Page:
| An eyesore, and a potential security threat. Metal construction materials tower above the unkempt grass and rowdy weeds, all but blocking the Chowringhee skyscape, opposite the American Center. The multi-storeyed mess on the Maidan is a perfect breeding ground for vermin and vice. Picture by Pabitra Das
Scrap and squalor are corroding the city’s lungs, all in a day’s work on the Maidan.
From the agencies working to improve the city beyond the Maidan — be it laying a railway track underground or constructing a road that will fly over the surface — to the 25-odd clubs that run regular canteens on the green, every one is doing its bit to choke the life out of the city’s lungs. This is evident from a joint survey by the agencies that ‘own’ and ‘manage’ the Maidan — the army and the public works department (PWD), respectively.
The survey has succeeded in identifying the preliminary “non-political” causes of the green Maidan greying early and the findings have done nothing to heap honour on the city’s development and entertainment agencies, say officials.
The survey, corroborating the army affidavit filed on Monday in Calcutta High Court, blames the following aspects of a day in the life of the beleaguered Maidan:
§the periodic construction that the areas along Chowringhee see and the consequent dumping of construction material
§the mushrooming of unlicensed eateries in many of the 25-odd clubs that have canteen facilities
§the increasing number of food-vendors (peddling chaat and chai) who just leave their day’s mess on the grounds
§the illegal bus-sheds and stop-overs for drivers and conductors near the Esplanade bus terminus
§the absence of any plastic ban
§the use of a portion opposite Middleton Road along Chowringhee as a toilet.
The joint inspection, state PWD officials admitted, followed several proddings from the army. “It was the army that got in touch with us to focus on the goings-on,” assistant engineer of the Maidan division Chiranjib Raychaudhuri admitted on Tuesday.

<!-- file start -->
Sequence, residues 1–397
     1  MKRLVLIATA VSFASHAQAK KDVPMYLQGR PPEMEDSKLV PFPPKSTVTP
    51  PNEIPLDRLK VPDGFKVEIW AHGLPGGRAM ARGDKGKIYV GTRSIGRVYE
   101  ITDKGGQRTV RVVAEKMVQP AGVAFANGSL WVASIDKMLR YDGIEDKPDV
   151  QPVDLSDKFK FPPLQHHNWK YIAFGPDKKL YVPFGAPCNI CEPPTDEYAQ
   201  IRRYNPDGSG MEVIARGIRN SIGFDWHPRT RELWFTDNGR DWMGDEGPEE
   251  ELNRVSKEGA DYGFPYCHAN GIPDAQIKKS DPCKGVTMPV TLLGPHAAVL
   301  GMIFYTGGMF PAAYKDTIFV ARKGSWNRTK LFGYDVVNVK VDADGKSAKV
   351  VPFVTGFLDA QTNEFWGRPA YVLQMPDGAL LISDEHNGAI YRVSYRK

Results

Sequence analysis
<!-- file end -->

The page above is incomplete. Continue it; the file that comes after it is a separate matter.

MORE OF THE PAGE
“The notices told us in clear terms that the city’s lung was not being cleaned regularly and, consequently, looked more grey than green,” he added.
The “periodic” dumping of iron rods and other construction material on the stretch opposite the Indian Museum, officials say, is actually a round-the-year phenomenon, given the number of ‘development’ activities.
Now, it’s Senbo that’s the ‘culprit’. Though Senbo chief Kajal Sengupta said the iron rods dumped now would be on the flyover within a month, the regular “month-long” dumpings are more than a nuisance, complain army and PWD officials.
Some of the areas that raise a stink the year round include those near some of the more “elite” clubs. The list has the names of the Royal Calcutta Golf Club (RCGC) and the Calcutta Ladies’ Golf Club, say officials.
Also on the list is one particular area near the West Bengal State Transport Corporation (WBSTC), from where two “very busy” tents — one run by the Calcutta Referees’ Association (CRA) and the other being Calcutta Press Club — operate.
“The state of the Maidan, particularly near these clubs, is sad, especially because we have provided no less than eight vats in that stretch,” assistant engineer Raychaudhuri said.
From the westernmost vat (near the St George’s Gate of Fort William) to the one on the far east of the Maidan (near the WBSTC terminus), the garbage bins are placed at convenient spots for the clubs — and visitors — to dump their litter.
The PWD sends nine trucks out to the Maidan daily, from where they return loaded with garbage. All this translates into around 20 tonnes of solid waste every day, say officials, wondering what prevents the clubs from keeping their own environs clean.
The clubs, however, disagree, saying they do not have “any interest” in keeping their surroundings unclean.
RCGC tent executive officer Shantanu Ghosh brushed aside the findings of the joint survey. “We are a closed tent and occupy a very small area,” he pointed out, adding that the inspection officials could have mixed up the RCGC with the other golf club (the ladies’ one, that does not have a fence around it).
Press Club treasurer Premananda Ghosh, too, said the club only had a ‘snacks canteen’, which did not generate that much refuse to dirty the entire area around the club itself. “Besides, we get the area cleaned regularly by the Calcutta Municipal Corporation,” he added.
CRA secretary Kamal Sarkar, however, was more defensive. “Over a hundred people come here every day and we don’t have any vat near our tent, in which we can dump the refuse,” he reasoned.